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By L. Dean Murphy

My father taught me to swim, by throwing me into the deep end. Sink or swim. New York Times bestselling author Michael Palmer may not have thrown his son, Daniel, into the deep end of the Thriller Pond but Daniel Palmer seems destined to be an Olympic-class thriller “swimmer.”

Mega-bestselling Lee Child said Delirious is “Smart, sophisticated and unsettling.” Tess Gerritsen said, “Palmer delivers a high-speed thrill ride, filled with shocks and mind-bending twists. A terrific debut!”

Delirious is a thrill-seeker’s delight. It details the downward spiral of computer whizz, Charlie Giles, who is estranged from his schizophrenic brother. Giles can’t recall writing If not yourself, then who can you believe? and paranoia clutches his mind with steely fingers. Giles is accused of murder, after a “kill list” is prepared in his own handwriting. The list identifies three executives who fired Giles from SoluCent and the division Giles created, InVision, an OnStar-like device on steroids. Now, his disturbed brother, Joe, and psychologist are the only ones who believe he’s innocent.

Palmer added: “I modeled the character of a cognitive therapist after a relative who is a neuropsychologist. It was important to me that I portrayed Joe’s schizophrenia as accurately as possible, avoiding stereotypes of the disease without being overly didactic. My Uncle David, a neurologist, had just bought an Infiniti G37 and was showing me the bells and whistles. That was my inspiration for creating Charlie’s game-changing product, InVision. The story evolved from there. My second novel, Helpless, explores the dangers of teen ‘sexting’ and what happens when the Internet is used to ruin a good man’s name. Kensington will publish that in February 2012.”

Palmer writes what he knows. “My computer background affected most every aspect of the plot. My next two novels will also explore the hidden dangers of common technologies. As for similarities between Charlie Giles and myself, I was a more empathetic boss than Charlie demonstrates. Where Charlie questions his own sanity are the most puzzling and enticing scenes.”

When asked about a key cause of writing inspiration, Palmer replied, “I credit my father, bestselling novelist Michael Palmer, for giving me my start in this business. He let me co-author a short story with him for ITW’s first thriller anthology, edited by James Patterson. That story introduced me to International Thriller Writers, a fabulous community of fellow writers who continue to inspire and encourage me.”

Palmer emphatically acknowledges another who inspired him to write: “Goodness, my wife! Stephen King wrote in On Writing how he chuckles whenever a debut novelist dedicates a book to their spouse. This is a lonely profession, and one that often requires tremendous sacrifices without any hope of reward. If my wife hadn’t given me encouragement and support during those ten years I spent writing and enduring rejection, I’d have never been able to get this novel published.”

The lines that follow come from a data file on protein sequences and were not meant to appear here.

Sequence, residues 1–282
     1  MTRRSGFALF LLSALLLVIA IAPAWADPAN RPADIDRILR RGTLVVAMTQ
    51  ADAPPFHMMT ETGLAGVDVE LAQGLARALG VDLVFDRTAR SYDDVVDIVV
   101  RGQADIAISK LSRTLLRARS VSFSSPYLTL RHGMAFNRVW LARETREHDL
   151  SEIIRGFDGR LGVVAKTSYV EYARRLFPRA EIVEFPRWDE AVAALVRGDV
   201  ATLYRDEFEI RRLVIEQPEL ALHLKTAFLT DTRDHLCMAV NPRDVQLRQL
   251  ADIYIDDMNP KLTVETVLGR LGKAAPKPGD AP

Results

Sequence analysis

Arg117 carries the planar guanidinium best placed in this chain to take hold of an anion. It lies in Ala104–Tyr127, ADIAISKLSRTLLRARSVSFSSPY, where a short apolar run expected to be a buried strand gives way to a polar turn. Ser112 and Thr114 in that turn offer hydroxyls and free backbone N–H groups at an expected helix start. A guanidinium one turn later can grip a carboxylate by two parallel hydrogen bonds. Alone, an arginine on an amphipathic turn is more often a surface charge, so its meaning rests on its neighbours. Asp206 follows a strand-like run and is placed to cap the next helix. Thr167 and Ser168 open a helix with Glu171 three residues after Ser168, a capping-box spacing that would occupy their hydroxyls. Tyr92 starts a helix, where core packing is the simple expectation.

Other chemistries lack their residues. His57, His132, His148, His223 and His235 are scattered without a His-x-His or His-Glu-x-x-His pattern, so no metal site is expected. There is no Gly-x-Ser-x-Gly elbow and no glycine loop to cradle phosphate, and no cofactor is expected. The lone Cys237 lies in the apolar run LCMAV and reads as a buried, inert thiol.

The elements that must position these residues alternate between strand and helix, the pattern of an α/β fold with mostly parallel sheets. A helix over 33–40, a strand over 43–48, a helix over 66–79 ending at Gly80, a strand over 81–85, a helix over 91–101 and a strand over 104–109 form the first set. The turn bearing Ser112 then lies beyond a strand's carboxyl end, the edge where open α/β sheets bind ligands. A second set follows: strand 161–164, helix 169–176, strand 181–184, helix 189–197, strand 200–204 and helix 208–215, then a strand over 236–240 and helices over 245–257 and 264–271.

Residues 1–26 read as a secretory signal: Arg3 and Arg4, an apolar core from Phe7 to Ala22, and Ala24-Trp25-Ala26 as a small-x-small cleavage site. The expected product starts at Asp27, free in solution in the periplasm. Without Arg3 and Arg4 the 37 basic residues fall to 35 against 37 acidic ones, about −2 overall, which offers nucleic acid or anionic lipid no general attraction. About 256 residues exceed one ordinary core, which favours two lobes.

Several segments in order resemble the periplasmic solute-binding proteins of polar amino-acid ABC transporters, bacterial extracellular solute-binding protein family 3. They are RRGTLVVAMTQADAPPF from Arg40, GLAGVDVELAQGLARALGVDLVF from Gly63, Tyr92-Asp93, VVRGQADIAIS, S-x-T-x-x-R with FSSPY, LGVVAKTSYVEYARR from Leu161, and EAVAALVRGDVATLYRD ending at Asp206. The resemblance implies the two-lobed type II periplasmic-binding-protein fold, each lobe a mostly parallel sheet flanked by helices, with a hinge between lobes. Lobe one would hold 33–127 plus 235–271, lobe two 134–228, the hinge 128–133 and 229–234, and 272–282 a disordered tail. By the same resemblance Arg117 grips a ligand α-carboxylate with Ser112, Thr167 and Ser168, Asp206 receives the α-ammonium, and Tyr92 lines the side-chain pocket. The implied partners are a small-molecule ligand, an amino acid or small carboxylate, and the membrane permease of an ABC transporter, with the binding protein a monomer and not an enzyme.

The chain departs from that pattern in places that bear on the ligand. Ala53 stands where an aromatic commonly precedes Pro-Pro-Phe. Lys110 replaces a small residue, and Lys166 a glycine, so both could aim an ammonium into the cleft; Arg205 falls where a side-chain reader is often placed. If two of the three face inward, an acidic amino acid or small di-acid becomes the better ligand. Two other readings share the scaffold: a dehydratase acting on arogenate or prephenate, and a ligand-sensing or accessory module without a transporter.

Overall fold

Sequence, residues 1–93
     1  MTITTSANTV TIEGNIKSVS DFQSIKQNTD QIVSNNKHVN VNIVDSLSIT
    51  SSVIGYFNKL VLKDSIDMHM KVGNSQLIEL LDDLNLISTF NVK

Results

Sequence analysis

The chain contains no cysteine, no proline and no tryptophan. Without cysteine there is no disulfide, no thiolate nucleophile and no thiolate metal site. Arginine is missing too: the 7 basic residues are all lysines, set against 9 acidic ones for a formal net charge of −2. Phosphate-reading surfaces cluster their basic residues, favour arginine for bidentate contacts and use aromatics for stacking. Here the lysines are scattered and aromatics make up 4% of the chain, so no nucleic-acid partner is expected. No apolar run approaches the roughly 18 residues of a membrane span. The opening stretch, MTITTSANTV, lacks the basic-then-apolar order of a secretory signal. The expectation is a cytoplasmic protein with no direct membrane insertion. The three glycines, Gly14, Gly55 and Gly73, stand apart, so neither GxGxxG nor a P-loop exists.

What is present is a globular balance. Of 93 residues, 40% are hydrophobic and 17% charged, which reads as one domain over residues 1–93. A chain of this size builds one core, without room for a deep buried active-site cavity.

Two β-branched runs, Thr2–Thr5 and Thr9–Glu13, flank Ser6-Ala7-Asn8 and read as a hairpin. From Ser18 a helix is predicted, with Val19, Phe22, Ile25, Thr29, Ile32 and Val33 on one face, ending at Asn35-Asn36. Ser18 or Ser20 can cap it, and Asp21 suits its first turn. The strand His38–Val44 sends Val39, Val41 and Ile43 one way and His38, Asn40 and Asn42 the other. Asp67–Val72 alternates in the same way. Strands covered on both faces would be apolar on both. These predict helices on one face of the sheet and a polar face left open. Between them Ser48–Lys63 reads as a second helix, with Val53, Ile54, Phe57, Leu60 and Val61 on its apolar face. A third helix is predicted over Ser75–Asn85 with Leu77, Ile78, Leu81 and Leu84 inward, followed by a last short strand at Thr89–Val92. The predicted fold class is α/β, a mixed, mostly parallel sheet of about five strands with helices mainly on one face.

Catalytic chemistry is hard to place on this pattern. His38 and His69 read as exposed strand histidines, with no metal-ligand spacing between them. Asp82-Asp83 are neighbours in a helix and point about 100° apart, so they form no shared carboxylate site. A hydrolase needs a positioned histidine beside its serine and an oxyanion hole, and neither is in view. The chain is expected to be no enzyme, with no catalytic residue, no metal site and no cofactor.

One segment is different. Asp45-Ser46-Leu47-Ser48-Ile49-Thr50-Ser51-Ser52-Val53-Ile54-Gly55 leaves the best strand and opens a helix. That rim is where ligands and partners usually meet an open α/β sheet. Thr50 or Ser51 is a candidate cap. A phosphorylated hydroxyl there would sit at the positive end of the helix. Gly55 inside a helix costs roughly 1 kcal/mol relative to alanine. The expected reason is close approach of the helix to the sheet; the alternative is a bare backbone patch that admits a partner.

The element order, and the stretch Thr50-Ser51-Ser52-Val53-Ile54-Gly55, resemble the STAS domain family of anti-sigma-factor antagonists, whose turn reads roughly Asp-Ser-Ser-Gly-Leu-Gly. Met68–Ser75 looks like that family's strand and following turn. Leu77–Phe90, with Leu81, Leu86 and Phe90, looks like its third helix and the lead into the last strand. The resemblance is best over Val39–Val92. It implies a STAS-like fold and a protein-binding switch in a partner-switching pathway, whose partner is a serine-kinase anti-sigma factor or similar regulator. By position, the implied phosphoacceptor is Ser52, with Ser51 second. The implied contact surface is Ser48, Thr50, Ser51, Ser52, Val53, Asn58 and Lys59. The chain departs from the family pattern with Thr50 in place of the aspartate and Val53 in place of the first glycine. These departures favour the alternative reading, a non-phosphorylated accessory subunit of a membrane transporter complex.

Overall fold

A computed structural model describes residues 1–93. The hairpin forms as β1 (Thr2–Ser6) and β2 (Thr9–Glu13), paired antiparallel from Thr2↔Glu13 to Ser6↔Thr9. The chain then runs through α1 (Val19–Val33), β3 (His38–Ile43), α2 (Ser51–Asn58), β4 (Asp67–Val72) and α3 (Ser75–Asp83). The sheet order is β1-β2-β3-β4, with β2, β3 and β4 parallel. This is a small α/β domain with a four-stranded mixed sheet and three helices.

Palmer predominately reads thrillers and named genre leaders as his favorites: “Michael Connelly, Sandra Brown, Tess Gerritsen, Dean Koontz, Andrew Gross, Lee Child…. I could go on and on. I’m not closed to any genre, but I need a story that is gripping, engaging and fun to read. I’m also a HUGE Greg Iles fan—a master thriller writer to the core.”

As a debut novelist, Palmer encourages “writers to write. If rejection stops you from writing then it’s probably not your ‘best fit’ profession. It’s not always the most talented writers who are published, but often the most persistent. To get good at this craft you have to read and write a lot. Every aspiring writer should read On Writing, the magnificent ode to the craft by the great Stephen King.”

Palmer added personal information about the task of writing. “I had one big false start with Delirious. I tried to make it ‘thrilling’ by creating an interesting and complex plot. What I found to be lacking in my story were the characters. Readers care about the plot to the extent that they care about the characters. If readers become invested in the characters, they’ll turn pages simply to find out what happens next. When I refocused my story on the relationship between the two brothers, Charlie and Joe, I found the story’s soul. I wish I could tell you that the rest of it was easy from there, but it was all really hard work.”

Main characters need motivation to be successful. Palmer said of his: “I use conflict to heighten the reader’s awareness of my protagonist’s defining characteristics. Charlie’s goal is to be hugely successful in his career. He achieves this goal by being organized and meticulous in his work. But readers really come to know him as a person when his life begins to descend into madness. Only then does the reader fully appreciate how vital Charlie’s neatly ordered world is to his identity and survival.”

As for writing and re-writing, Palmer reflected, “Michael Crichton said: ‘Books aren’t written. They’re rewritten.’ I tend to agree with that sentiment. And I write from the beginning to the end without skipping around. I try not to leave any holes in the plot, try being the operative word. The second draft is when my story comes to life. If it’s the right thing to do for the book, I can’t be wedded to my original thinking. I’m also very grateful to my editor at Kensington who spots pitfalls and other such dangers.”

It’s “open mike” at The Big Thrill. What do you care to add? “ITW is a wonderful and magnificent organization. I’m truly grateful for the opportunity to introduce readers of The Big Thrill to my writing. More about me can be found at my website, Facebook, and Twitter. I hope you’ll stop by these cyber destinations and introduce yourself as a Big Thrill reader.”

Dean Murphy
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